The Enid News and Eagle, Enid, OK

January 12, 2013

$1 trillion for your thoughts

By Jeff Mullin, columnist
Enid News and Eagle

ENID, Okla. — Do you ever take a good look at the coins in your pants pocket or purse?

Do you look at that handful of pennies, nickels, dimes and quarters before you chuck them into a jar or feed them into a piggy bank?

Most of us likely would answer no. We take change for granted.

Heck, most people won’t even take the time to bend over and pick up a nickel these days, much less a lowly penny.

There has been talk for quite some time about doing away with the penny, given that it costs more than two cents to produce each one.

There’s even a group advocating putting the penny out to pasture, Citizens to Retire the U.S. Penny.

But the right pennies, now those are worth something, which is why it might not be a bad idea to go through your change once in a while.

Should you come across a 1943 copper wheat penny, for instance, you could sell it for a cool $100,000, according to the web site

That puts it right up there with the most valuable bill ever printed by the U.S. government.

In 1933, with the country in the midst of the Great Depression, President Franklin Roosevelt ordered Americans to surrender their gold because people were hoarding and bartering gold, rather than paying for items with cash.

The federal government took control of the Federal Reserve’s gold as part of its plans to devalue the dollar and jump-start the economy.

Congress passed a measure valuing the dollar at 59.06 cents, pricing gold at $35 an ounce and allowing the Treasury to print bills to pay for the Federal Reserve’s gold.

One such note was worth $100,000, the bill bearing the likeness of Woodrow Wilson.

The move worked, as prices rose, thus putting money back into the economy.

In case you haven’t noticed, our economy has not been so hot the last few years, and our country owes a whole lot more money than it takes in.

To date, the federal debt is greater than $16.4 trillion and, in fact, has increased by several hundred thousand dollars in the time it has taken me to type this sentence.

The nation’s debt limit is about $16.39 trillion, a number we surpassed Dec. 31.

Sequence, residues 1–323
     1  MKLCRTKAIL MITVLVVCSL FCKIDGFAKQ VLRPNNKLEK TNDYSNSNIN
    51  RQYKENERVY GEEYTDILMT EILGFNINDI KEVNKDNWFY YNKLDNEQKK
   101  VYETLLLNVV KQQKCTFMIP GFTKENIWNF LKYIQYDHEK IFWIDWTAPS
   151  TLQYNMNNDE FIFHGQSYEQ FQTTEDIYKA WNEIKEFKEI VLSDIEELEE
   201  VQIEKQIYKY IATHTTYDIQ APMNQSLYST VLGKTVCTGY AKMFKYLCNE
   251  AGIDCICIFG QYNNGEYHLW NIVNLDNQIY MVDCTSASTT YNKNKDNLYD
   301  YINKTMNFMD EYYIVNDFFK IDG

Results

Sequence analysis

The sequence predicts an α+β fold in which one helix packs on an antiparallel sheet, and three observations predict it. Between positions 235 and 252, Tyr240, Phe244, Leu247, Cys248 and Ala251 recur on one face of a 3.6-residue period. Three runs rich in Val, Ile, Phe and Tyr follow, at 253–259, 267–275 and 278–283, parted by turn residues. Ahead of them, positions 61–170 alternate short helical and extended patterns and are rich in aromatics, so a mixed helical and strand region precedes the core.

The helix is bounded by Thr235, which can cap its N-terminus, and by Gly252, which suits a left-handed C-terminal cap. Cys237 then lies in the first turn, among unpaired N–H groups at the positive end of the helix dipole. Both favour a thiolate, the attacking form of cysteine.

At that time, outgoing Treasury Secretary Timothy Geithner said he could, through “extraordinary measures,” avoid putting the country in default for several weeks.

One extraordinary measure that has been proposed is roughly akin to the $100,000 bill of the 1930s — a $1 trillion coin.

Advocates, led by New York congressman Jerrold Nadler, have suggested the Treasury mint a $1 trillion coin.

Under a 1997 law that allows the Treasury to mint and issue coins made of platinum.

Of course, the coin would not contain $1 trillion worth of platinum. If it did, it would weigh more than 20,000 tons, which would really be tough to fit into a coin purse.

But not to worry, there isn’t enough platinum in the world to mint a $1 trillion coin. So it could be a blend of platinum and some other metal, much as the nickel is only one-quarter nickel.

Said $1 trillion coin, which could be as small as a dime, would then be deposited with the Federal Reserve, giving the government enough cash to slide back under the debt ceiling.

The move would not spark a spate of new government spending, Washington could only use the $1 trillion deposit to write checks to cover expenses already authorized by Congress.

That means Congress couldn’t use the money to give themselves a pay raise or anything, which is probably good, given that a recent poll found our senators and representatives are less popular than head lice, colonoscopies and cockroaches.

The $1 trillion coin idea might sound crazy (which is par for the course in La La Land on the Potomac), but it has its proponents, including Nobel Prize-winning economist Paul Krugman.

White House spokesman Jay Carney would not put the $1 trillion coin rumors to rest during a press briefing the other day. So maybe it will happen.

Which brings us to the burning question, who would be charged with carrying the $1 trillion coin from the Bureau of Engraving and Printing, 1.2 miles north and west to the Federal Reserve?

I don’t want the job. I remember summer evenings during my childhood when the familiar strains of the music from the ice cream truck could be heard over the sound of the TV in the front room.

I would ask (and beg and plead) my dad for some change to get an ice cream. More often than not he gave me some, and out the front door I’d run to await the truck’s approach.

Being the nervous type (and not overly bright), I would jingle the coins in my hand as I waited, rather than just standing by calmly or, better yet, stuffing the change in my pocket.

More times than I care to remember I would then drop the coins onto the grass, then frantically search for them as the truck drew near. Sometimes I’d find them, sometimes not, and my ice cream craving would go unfulfilled.

I can imagine having to explain dropping a $1 trillion coin down a sewer grate, or plugging it into a parking meter by mistake.

I can almost hear my father laughing.

Mullin is senior writer of the News & Eagle. Email him at